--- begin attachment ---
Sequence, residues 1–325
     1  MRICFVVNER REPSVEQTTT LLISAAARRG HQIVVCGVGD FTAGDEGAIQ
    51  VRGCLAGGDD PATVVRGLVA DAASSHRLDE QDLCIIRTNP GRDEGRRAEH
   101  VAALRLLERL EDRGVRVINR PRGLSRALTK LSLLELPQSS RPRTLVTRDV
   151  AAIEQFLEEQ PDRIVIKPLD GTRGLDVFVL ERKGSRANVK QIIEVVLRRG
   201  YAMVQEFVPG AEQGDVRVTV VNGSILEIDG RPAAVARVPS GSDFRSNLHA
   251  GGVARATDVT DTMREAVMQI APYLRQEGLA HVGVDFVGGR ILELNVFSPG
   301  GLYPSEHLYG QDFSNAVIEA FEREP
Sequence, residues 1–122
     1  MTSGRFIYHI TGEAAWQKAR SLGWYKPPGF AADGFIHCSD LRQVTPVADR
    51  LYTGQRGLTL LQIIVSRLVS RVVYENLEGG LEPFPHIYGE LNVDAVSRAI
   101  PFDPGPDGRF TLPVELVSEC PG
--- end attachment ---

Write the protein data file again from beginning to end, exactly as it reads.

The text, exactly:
Sequence, residues 1–325
     1  MRICFVVNER REPSVEQTTT LLISAAARRG HQIVVCGVGD FTAGDEGAIQ
    51  VRGCLAGGDD PATVVRGLVA DAASSHRLDE QDLCIIRTNP GRDEGRRAEH
   101  VAALRLLERL EDRGVRVINR PRGLSRALTK LSLLELPQSS RPRTLVTRDV
   151  AAIEQFLEEQ PDRIVIKPLD GTRGLDVFVL ERKGSRANVK QIIEVVLRRG
   201  YAMVQEFVPG AEQGDVRVTV VNGSILEIDG RPAAVARVPS GSDFRSNLHA
   251  GGVARATDVT DTMREAVMQI APYLRQEGLA HVGVDFVGGR ILELNVFSPG
   301  GLYPSEHLYG QDFSNAVIEA FEREP
Sequence, residues 1–122
     1  MTSGRFIYHI TGEAAWQKAR SLGWYKPPGF AADGFIHCSD LRQVTPVADR
    51  LYTGQRGLTL LQIIVSRLVS RVVYENLEGG LEPFPHIYGE LNVDAVSRAI
   101  PFDPGPDGRF TLPVELVSEC PG